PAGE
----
- Derek Chollet, Blinken's top advisor said that the US is there to support India
- US Defense Secretary had suggested India to cut back on purchases of Russian military equipment
- India has refused to join the Western sanctions against Russia amid the ongoing war in Ukraine
India has had a long-standing defense relationship with Russia for many years when the United States was not available to be a partner, a top advisor of US Secretary Antony Blinken said, adding that "Washington fully understands New Delhi's long-standing ties to Moscow." In an exclusive interview with ANI on Thursday, Derek Chollet, Blinken's top advisor said that the US is there to support India and the partnership between US and India has tremendous potential. "We understand that India has had a long-standing defense relationship with Russia over many years and part of that was because the United States was not available to be a partner. It is decades ago and we face a much different reality today," he said.
"Over the last 10 years, the US-India Defense Partnership has changed dramatically. We see great potential and opportunity in their relationships. Anything that two plus two conversations between Secretary (Antony) Blinken and Secretary of Defense Lloyd Austin had with their counterparts helped further clarify that."
Asserting that India is a strategic partner of the United States, Chollet said: "We're natural allies. And this partnership has tremendous potential. It's already paying dividends for both countries in the region and all around the world. And we think, really, there's nowhere to go but up." He also noted that the US is in close touch with India. "We fully understand their long-standing defense ties to Russia," Blinken's top advisor said.
It is to be noted that Russia might not be able to make equipment at its previous rates due to sanctions imposed against Moscow. Some of the Russian arms plants reportedly have halted production as they face difficulties in importing source components. When asked about how the US is planning to use this opportunity (arms export) to lure India, Blinken's top advisor said: "It's not so much about luring India away. We see this partnership is growing organically. And this is something both sides seek to achieve in terms of making our relationship across the board but especially our defense relationship, even stronger. It (The relationship) can't happen overnight. It's going to take a long time to make this shift. And we want to be there to support our Indian allies."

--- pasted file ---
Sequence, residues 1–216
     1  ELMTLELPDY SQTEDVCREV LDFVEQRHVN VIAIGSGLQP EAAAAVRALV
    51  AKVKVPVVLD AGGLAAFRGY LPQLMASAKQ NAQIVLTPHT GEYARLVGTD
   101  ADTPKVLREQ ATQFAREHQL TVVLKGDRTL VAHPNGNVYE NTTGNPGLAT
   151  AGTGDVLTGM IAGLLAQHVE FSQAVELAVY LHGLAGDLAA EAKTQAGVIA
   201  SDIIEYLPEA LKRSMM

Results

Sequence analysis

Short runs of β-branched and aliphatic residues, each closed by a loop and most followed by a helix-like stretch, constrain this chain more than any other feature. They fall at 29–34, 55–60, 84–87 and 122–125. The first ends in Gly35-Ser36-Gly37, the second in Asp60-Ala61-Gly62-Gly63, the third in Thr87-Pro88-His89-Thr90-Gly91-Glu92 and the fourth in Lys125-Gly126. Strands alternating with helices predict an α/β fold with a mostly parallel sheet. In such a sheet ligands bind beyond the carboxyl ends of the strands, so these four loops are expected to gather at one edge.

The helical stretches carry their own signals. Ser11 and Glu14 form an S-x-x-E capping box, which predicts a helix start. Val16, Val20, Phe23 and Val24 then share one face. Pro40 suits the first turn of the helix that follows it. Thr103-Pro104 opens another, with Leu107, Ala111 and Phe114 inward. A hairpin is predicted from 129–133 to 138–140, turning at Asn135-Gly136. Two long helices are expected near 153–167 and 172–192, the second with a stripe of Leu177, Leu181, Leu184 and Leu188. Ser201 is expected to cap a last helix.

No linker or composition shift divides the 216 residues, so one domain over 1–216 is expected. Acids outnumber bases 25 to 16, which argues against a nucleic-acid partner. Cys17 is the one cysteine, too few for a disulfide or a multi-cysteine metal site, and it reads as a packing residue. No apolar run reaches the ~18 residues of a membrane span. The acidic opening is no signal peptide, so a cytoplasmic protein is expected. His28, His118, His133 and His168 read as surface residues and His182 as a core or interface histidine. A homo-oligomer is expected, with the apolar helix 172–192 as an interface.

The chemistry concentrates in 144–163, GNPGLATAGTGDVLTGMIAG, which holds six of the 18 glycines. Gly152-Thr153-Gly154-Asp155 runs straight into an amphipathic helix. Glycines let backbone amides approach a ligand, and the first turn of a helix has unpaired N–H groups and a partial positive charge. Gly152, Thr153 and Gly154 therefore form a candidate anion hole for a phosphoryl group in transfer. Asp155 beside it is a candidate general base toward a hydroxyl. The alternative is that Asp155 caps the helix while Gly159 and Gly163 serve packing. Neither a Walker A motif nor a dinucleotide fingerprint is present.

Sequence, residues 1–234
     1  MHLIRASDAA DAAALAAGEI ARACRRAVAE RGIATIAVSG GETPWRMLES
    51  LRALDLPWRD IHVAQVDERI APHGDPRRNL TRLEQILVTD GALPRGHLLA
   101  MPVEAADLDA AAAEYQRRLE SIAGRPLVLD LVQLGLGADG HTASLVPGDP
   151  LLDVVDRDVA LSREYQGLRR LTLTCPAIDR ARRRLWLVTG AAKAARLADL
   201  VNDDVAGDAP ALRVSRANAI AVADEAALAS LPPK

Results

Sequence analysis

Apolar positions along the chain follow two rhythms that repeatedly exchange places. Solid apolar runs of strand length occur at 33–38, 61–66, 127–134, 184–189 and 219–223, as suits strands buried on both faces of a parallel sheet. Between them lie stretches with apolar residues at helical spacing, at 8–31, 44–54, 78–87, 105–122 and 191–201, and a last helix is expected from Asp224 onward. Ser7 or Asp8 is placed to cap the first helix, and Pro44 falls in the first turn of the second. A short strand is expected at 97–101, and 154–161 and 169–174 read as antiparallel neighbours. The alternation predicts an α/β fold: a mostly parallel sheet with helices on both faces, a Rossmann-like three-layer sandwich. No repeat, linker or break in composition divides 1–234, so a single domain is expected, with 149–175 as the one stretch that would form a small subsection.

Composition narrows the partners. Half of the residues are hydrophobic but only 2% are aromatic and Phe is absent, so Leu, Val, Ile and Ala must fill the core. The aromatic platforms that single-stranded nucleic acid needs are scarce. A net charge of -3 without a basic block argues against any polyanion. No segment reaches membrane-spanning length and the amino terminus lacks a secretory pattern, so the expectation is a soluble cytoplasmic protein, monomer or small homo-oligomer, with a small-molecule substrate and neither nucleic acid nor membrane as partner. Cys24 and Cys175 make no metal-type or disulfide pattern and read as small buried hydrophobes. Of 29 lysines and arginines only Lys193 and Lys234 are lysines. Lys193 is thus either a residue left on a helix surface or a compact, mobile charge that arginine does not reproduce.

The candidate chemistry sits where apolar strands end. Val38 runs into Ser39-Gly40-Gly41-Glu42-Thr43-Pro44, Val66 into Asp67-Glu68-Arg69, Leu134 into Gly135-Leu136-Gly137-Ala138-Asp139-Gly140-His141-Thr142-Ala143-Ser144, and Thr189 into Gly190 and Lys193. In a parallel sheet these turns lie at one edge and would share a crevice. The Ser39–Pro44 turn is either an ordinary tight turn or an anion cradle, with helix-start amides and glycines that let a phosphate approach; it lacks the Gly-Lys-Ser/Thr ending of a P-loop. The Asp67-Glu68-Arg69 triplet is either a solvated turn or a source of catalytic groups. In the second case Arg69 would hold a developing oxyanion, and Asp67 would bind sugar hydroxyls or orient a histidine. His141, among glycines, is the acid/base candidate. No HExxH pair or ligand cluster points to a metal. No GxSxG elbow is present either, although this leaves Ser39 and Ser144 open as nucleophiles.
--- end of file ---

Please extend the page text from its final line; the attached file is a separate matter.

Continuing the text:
However, earlier in the month US Defense Secretary Lloyd Austin had suggested to India to cut back on purchases of Russian military equipment, stating that Washington does not believe such purchases are in New Delhi's best interest. "We continue to work to ensure that they understand... we believe it is not in (India's) best interests to continue to invest in Russian equipment," Austin told House Armed Services Committee during a Congressional hearing on the annual defence budget. "Our requirement going forward is that they downscale the types of equipment that they are investing in and look to invest more in the types of things that will make us continue to be compatible," he said. Austin made these remarks while responding to question posed by Congressman Joe Wilson. This comment had come as India has refused to join the Western sanctions against Russia amid the ongoing war in Ukraine. The Indian military uses several Russian-made weapons, including tanks, artillery guns and missile systems. New Delhi has also signed deals to purchase Russia's S-400 air defence system, which has been under threat of US sanctions under Countering America's Adversaries Through Sanctions Act (CAATSA).